When you’re a small business owner, it’s important to maximize your traffic whenever you get a chance. Sadly, a lot of business owners leave traffic on the table by failing to analyze and optimize their traffic stats.
If your company relies on search engine traffic for any business aspect, then you’re doing it a disservice by not learning how to use Google Analytics.
Many business owners feel threatened by the thought of data and statistical analysis. Luckily, Google Analytics exists to make it easy.
Below we’ll show you how to take advantage of the myriad of tools Google Analytics has to offer.
Google Analytics 101
When you first open up your analytics dashboard, it’ll look something like the image above. Your eyes will probably notice the prevalent graph first.
This graph shows your traffic stats for the dates on which analytics have been live on your website. You can adjust the dates to get more detailed reporting and to detect any spikes or drops in traffic.
On the left-hand side, you’ll notice a few different options. The most important tabs for you will be “Audience”, “Acquisition”, and “Behavior”.
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Where Is My Traffic Coming From?
Chances are you’ll want to see where your traffic is coming from. If you want to see how visitors are getting to your site, navigate to Acquisition > Overview. This will answer questions like:
- Is my social media strategy effective?
- Are people finding my site in the search engines?
- Which sites are sending me the most traffic?
This data is valuable because it allows you to focus your efforts on the most effective traffic generation activities.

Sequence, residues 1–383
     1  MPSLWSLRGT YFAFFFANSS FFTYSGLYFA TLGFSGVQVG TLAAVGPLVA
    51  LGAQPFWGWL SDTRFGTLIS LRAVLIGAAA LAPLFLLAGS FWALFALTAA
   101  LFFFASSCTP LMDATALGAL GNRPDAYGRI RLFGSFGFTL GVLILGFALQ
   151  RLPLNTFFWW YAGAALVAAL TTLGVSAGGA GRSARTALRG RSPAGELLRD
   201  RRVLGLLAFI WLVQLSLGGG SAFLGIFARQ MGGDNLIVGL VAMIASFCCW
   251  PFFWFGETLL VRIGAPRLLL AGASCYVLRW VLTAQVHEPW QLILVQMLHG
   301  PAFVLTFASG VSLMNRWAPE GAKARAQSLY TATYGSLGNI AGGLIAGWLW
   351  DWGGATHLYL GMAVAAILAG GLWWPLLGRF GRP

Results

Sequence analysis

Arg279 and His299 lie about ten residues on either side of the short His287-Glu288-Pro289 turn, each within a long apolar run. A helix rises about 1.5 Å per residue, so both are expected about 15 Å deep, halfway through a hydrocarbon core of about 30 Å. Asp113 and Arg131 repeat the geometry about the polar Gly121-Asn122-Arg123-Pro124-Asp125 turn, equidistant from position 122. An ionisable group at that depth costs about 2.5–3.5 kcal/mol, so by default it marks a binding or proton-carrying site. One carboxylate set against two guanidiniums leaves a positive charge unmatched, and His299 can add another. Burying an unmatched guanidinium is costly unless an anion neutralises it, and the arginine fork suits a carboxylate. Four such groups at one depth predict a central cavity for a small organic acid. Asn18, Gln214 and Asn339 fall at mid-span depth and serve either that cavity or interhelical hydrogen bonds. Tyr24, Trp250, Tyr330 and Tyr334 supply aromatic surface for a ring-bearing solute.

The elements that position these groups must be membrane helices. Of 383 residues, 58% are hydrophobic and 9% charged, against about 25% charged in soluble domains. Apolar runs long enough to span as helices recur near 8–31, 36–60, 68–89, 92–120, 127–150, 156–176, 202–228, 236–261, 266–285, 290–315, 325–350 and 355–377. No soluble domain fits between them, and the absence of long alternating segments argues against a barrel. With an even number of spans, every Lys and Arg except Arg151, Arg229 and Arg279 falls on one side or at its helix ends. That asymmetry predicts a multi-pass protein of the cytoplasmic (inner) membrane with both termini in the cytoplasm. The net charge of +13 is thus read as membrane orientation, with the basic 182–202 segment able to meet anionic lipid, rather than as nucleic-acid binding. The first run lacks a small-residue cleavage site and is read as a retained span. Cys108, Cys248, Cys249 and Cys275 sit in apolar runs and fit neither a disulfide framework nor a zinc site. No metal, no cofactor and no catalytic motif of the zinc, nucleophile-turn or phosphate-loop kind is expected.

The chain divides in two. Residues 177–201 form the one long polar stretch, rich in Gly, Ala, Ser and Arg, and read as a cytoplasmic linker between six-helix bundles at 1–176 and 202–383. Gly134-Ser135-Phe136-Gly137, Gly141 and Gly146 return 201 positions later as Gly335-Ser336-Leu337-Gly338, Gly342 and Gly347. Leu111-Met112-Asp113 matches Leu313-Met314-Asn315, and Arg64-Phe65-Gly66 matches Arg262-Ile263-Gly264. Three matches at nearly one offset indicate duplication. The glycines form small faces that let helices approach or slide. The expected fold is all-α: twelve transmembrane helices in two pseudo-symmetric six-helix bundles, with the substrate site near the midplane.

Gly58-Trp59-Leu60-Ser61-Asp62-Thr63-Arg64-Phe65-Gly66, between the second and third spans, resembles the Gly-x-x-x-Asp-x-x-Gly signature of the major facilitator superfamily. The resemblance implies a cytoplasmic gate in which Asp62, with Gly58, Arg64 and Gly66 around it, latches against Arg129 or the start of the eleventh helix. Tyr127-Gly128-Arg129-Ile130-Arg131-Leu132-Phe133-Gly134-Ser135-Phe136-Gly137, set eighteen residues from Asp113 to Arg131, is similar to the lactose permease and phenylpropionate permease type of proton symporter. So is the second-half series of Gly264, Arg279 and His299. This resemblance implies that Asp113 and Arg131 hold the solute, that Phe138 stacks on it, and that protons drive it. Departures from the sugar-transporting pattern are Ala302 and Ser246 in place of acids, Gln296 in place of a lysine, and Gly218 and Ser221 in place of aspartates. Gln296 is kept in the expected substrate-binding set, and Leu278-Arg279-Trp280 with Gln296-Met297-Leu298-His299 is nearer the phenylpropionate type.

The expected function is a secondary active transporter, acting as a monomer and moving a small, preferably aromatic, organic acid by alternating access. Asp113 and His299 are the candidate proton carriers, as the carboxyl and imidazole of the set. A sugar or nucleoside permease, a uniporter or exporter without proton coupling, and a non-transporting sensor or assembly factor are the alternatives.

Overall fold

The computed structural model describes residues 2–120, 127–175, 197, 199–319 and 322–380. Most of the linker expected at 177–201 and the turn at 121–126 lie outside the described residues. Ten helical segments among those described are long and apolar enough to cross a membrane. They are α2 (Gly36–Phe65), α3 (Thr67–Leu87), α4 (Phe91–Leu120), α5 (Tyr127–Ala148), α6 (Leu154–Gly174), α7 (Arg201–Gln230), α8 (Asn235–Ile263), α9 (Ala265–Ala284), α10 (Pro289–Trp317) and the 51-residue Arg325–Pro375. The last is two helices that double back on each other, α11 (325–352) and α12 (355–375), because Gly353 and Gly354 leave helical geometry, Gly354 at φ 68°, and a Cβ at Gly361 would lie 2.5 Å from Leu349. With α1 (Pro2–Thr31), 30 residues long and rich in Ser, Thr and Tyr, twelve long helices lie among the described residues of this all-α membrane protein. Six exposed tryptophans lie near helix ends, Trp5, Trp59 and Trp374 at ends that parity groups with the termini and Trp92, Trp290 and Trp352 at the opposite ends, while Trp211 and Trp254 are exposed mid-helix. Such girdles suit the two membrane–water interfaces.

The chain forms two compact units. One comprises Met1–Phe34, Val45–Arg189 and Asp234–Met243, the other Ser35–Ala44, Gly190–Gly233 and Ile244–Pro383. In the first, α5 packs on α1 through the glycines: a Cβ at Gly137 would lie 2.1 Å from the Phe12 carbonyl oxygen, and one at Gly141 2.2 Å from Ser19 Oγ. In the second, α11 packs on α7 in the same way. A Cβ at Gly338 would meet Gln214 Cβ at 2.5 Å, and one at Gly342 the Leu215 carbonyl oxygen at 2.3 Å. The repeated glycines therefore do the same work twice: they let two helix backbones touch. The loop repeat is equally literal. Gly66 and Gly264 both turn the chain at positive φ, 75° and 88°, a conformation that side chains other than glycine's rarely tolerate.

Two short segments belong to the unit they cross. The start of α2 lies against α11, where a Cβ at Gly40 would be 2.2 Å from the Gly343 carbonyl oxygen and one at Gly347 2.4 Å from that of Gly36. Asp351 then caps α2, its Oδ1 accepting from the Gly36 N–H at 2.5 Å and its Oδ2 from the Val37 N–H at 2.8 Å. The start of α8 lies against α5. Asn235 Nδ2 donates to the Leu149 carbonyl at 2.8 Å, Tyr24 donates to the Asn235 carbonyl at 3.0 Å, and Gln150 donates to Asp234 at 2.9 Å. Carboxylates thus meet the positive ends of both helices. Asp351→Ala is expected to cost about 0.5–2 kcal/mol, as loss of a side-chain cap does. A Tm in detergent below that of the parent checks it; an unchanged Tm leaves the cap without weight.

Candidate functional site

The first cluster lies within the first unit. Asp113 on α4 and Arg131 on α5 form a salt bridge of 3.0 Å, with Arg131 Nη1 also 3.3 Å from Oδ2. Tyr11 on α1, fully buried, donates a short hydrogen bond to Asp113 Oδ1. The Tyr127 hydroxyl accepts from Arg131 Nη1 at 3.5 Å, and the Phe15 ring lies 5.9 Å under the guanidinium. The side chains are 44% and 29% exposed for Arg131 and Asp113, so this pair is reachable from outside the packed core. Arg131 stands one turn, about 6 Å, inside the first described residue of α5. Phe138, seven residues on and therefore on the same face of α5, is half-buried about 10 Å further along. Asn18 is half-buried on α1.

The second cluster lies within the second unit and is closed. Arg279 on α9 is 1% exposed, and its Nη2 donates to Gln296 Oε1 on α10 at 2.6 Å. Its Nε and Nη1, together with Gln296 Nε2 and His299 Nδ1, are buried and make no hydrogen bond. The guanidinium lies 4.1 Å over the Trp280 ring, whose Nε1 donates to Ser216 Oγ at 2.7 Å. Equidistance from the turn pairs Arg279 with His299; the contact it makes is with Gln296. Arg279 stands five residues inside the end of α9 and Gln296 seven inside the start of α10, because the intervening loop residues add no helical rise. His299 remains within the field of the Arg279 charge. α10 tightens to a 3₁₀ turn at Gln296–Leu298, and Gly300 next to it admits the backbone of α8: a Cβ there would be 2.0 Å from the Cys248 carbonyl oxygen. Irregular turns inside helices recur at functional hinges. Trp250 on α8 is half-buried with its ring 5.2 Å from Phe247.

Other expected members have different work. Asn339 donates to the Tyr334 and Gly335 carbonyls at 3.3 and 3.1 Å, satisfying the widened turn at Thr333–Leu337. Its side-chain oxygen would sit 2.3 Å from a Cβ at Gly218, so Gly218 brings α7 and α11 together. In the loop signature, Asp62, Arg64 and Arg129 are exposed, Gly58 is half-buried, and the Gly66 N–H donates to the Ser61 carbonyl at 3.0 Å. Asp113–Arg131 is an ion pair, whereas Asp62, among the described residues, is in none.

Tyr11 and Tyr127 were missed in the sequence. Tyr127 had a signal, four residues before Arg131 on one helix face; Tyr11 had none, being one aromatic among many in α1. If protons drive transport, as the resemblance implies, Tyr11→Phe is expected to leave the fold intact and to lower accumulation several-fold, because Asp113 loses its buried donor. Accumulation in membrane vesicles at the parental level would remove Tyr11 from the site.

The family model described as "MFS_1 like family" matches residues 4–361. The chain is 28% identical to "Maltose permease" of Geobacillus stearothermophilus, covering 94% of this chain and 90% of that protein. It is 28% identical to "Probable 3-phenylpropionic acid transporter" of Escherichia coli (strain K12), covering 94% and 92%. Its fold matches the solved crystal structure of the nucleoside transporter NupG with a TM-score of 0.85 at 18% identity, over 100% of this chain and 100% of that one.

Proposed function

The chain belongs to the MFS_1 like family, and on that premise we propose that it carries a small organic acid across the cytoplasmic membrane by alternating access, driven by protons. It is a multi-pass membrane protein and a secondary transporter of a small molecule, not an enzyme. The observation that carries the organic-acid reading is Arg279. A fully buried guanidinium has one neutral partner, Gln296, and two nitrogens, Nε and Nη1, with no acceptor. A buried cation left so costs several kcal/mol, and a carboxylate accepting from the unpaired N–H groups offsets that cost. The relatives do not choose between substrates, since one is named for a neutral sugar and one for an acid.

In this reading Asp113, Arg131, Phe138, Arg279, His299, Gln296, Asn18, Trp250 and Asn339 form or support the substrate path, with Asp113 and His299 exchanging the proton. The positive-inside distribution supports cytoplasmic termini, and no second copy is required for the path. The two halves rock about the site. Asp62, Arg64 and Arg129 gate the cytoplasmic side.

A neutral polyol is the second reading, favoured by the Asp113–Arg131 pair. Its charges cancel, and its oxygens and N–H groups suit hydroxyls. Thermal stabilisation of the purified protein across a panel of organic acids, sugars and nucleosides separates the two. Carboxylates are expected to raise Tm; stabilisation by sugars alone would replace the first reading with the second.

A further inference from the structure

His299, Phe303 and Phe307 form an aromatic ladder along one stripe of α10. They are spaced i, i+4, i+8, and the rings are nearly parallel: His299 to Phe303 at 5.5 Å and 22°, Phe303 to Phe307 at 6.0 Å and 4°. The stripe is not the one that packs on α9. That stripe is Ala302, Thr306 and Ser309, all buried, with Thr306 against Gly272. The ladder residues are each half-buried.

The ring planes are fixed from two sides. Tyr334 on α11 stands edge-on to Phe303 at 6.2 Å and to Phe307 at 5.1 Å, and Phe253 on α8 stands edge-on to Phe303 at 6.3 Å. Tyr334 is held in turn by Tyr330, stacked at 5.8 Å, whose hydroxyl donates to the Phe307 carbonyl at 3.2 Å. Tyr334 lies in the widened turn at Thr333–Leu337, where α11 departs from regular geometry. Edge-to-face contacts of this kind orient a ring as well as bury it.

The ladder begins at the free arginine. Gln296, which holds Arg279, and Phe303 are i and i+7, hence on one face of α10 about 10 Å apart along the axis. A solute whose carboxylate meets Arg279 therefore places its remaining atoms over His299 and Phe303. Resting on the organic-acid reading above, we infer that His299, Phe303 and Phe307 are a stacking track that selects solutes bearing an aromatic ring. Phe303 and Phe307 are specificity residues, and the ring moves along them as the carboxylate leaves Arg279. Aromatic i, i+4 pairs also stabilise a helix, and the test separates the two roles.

Who Is Visiting My Site?
You might have a general idea about who your visitors are, but do you have cold, hard data to back up your intuition?
Navigate to Audience > Overview. This screen will show you demographic and technology-based data that will help you to further refine your target market.
For instance, you can learn what countries your users are in, and which devices and web browsers they’re using to access your site. That information will help you paint a better picture of your target market, so you can better align your efforts to their preferences.
Are My Visitors of High Quality?
Receiving a small amount of high-quality traffic is more important than having a site with a high volume of low-quality traffic.
But how can you tell the difference between the two?
A high-quality visitor finds value on your site and represents the kind of person your business exists to serve.
Generally, a high-quality visitor will stay on your site for a while and view multiple pages. The metrics associated with this behavior are “Avg. Session Duration” and “Pages/Session”. The higher those numbers are, the more people are enjoying your site.
Another metric to keep an eye on (we’ll cover this below) is your “Bounce Rate”. You want this percentage to be as low as possible. Your bounce rate is the percentage of users who visit your site and immediately click the back button.
5 Crucial Metrics to Focus On
Now that you have a basic understanding of the kind of things to look for, we’ll dive into five important metrics you should track and focus your efforts on.
1. Bounce Rate
Bounce rate is an incredibly important metric to keep an eye on, as we mentioned earlier.
If you have a very high bounce rate, that could mean the traffic you’re getting isn’t relevant to your site, or that your site provides a poor user experience.
Plus, sites with high bounce rates don’t rank as high in the search engines, as Google considers it an indication that a site is spammy.